Hundreds of pilot whales have died after becoming stranded near the shark-infested waters of a remote island chain in the South Pacific, according to rescue teams and conservationists.
New Zealand’s Department of Conservation told CNN nearly 500 whales washed up in the Chatham Islands, 840 kilometers (520 miles) east of the main South Island, in two separate mass stranding events reported by residents over the weekend.
Dave Lundquist, a marine technical adviser for the department, said it does not attempt to refloat stranded whales in the area due to the risk of shark attacks to both people and the whales. The surviving whales were euthanized to prevent further suffering, he said.
“This decision is never taken lightly, but in cases like this it is the kindest option,” Lundquist said.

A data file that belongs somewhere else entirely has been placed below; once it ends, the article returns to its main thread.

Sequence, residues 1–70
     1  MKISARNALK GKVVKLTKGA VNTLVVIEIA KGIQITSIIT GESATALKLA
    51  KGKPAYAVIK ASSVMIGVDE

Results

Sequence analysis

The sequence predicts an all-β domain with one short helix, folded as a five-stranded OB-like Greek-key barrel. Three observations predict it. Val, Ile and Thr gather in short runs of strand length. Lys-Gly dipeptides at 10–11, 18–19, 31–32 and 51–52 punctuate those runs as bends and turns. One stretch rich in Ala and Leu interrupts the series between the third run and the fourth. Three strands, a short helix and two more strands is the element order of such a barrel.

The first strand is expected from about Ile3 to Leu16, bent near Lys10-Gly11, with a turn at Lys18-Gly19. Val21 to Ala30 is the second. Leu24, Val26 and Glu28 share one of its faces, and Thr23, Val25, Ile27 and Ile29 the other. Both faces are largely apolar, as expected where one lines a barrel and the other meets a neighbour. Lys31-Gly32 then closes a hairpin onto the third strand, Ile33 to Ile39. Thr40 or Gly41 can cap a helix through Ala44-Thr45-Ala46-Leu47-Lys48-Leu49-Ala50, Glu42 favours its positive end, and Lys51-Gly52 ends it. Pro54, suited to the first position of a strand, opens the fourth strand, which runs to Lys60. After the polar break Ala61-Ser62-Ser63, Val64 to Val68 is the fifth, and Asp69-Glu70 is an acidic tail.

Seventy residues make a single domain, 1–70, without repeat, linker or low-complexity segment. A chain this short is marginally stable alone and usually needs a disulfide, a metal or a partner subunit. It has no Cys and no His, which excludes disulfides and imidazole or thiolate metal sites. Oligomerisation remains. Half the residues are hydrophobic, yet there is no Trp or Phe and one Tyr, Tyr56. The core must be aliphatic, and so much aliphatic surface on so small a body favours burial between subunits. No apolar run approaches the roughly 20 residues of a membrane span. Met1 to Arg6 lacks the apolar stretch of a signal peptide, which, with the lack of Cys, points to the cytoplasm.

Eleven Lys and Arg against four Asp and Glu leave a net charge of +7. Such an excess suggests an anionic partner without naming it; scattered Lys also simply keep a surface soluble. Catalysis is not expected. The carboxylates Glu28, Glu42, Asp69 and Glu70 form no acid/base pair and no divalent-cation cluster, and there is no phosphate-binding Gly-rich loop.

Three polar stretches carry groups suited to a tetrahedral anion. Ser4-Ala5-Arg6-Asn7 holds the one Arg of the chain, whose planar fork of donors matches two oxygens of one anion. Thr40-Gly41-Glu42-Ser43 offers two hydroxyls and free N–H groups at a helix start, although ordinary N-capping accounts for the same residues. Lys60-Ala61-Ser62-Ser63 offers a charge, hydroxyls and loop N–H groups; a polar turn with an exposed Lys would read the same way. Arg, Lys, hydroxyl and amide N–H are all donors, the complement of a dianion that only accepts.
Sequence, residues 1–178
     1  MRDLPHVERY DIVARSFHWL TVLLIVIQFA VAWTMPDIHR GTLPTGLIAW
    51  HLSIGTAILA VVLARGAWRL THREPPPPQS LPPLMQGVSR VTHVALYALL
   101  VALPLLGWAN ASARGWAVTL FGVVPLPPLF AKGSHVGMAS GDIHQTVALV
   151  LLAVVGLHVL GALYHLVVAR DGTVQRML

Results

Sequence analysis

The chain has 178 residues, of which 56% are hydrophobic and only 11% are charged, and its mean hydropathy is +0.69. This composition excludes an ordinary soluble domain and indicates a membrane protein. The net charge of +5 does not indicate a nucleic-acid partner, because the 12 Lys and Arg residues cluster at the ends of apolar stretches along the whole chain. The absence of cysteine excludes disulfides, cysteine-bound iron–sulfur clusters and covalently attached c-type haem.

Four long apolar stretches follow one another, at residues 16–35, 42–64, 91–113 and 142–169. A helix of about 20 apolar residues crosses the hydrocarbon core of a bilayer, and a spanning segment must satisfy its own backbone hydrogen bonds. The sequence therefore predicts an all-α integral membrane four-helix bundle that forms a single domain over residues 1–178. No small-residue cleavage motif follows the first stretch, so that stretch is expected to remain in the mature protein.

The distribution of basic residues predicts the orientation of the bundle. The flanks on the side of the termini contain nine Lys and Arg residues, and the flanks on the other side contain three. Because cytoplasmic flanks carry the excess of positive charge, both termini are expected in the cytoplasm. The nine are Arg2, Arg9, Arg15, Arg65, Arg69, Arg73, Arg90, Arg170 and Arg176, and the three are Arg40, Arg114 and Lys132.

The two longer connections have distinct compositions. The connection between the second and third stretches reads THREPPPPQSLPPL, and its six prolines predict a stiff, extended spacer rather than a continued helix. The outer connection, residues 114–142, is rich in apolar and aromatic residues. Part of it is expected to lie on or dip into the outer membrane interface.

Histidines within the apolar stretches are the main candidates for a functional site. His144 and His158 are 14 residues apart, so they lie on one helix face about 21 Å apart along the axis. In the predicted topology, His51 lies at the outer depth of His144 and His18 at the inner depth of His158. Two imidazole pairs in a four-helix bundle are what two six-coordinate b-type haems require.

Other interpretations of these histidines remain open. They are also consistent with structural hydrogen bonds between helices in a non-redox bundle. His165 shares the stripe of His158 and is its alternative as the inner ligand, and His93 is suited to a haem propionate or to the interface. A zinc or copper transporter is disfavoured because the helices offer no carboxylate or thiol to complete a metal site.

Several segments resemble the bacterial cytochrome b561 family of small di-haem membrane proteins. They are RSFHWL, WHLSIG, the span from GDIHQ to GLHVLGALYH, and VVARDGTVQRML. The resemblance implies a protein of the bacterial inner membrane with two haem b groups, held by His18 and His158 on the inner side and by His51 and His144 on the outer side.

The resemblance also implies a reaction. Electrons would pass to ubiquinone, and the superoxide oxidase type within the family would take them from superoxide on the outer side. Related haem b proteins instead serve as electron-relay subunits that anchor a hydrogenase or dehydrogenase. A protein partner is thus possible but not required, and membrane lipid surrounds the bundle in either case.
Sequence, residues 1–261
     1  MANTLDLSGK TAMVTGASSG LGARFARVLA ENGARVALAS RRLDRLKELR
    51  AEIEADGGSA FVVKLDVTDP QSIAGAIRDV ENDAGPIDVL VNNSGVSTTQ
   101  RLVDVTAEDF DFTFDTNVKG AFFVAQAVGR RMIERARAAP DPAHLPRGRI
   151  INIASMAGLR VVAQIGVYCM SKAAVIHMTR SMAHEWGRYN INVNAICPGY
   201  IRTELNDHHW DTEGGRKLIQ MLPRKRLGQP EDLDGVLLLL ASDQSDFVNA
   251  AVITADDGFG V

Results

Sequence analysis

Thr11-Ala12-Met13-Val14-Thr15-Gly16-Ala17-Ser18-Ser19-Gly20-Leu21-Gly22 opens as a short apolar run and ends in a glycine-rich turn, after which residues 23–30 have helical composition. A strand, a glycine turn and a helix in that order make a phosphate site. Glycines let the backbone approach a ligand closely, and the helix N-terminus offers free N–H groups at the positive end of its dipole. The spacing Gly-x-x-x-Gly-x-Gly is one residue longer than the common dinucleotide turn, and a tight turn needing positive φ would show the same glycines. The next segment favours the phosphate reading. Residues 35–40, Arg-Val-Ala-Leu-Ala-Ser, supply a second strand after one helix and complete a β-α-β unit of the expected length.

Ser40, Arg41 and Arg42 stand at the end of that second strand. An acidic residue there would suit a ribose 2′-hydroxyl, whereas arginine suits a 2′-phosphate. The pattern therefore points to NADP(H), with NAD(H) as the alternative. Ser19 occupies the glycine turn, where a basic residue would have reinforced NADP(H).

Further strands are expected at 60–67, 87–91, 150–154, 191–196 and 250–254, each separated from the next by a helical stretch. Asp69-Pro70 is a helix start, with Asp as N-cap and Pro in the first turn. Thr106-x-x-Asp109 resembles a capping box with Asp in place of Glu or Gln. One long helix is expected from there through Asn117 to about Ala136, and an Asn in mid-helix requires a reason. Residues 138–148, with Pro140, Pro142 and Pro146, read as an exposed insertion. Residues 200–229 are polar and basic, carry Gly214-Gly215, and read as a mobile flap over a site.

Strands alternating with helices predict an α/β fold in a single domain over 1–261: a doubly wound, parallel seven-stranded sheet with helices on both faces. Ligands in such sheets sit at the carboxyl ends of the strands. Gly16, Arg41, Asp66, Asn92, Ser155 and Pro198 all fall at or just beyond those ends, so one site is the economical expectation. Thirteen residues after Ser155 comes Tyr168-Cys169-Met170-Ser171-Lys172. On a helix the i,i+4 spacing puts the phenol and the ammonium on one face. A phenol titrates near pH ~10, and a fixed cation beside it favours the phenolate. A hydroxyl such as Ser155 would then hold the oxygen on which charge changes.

Daren Grover, general manager of rescue organization Project Jonah, said most of the pilot whales were already dead when they came ashore, and the survivors were in poor health.
“Having such a high number of whales in one location is unusual, but it’s certainly not unheard of,” he said.
In addition to the risk posed by sharks, it was “almost impossible” for rescue teams to travel to the Chatham Islands on short notice, he said, compounding the difficulty of saving the whales.
The mass stranding incident comes less than a month after about 200 pilot whales died on the coast of Tasmania in Australia.
It’s common for pilot whales to become stranded but the behavior is not well understood, according to the Department of Conservation. Most scientists believe that individual whales strand because they are diseased and coming to the end of their natural lifespan.
The Chatham Islands, which are home to about 600 people, are among the top three “stranding hotspots” in New Zealand. In 1918, the archipelago saw the biggest recorded stranding in the country of about 1,000 pilot whales, according to the department.